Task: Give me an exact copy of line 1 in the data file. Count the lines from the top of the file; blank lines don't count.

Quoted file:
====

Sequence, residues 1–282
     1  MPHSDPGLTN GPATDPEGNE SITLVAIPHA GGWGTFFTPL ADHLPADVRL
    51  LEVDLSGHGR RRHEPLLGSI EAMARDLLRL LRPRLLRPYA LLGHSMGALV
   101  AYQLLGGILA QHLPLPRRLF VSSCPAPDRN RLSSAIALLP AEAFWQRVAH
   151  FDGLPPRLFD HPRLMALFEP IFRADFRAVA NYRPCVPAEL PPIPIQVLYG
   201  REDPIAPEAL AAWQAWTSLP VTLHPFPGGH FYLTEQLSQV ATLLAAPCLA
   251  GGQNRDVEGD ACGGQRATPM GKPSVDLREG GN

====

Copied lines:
Sequence, residues 1–282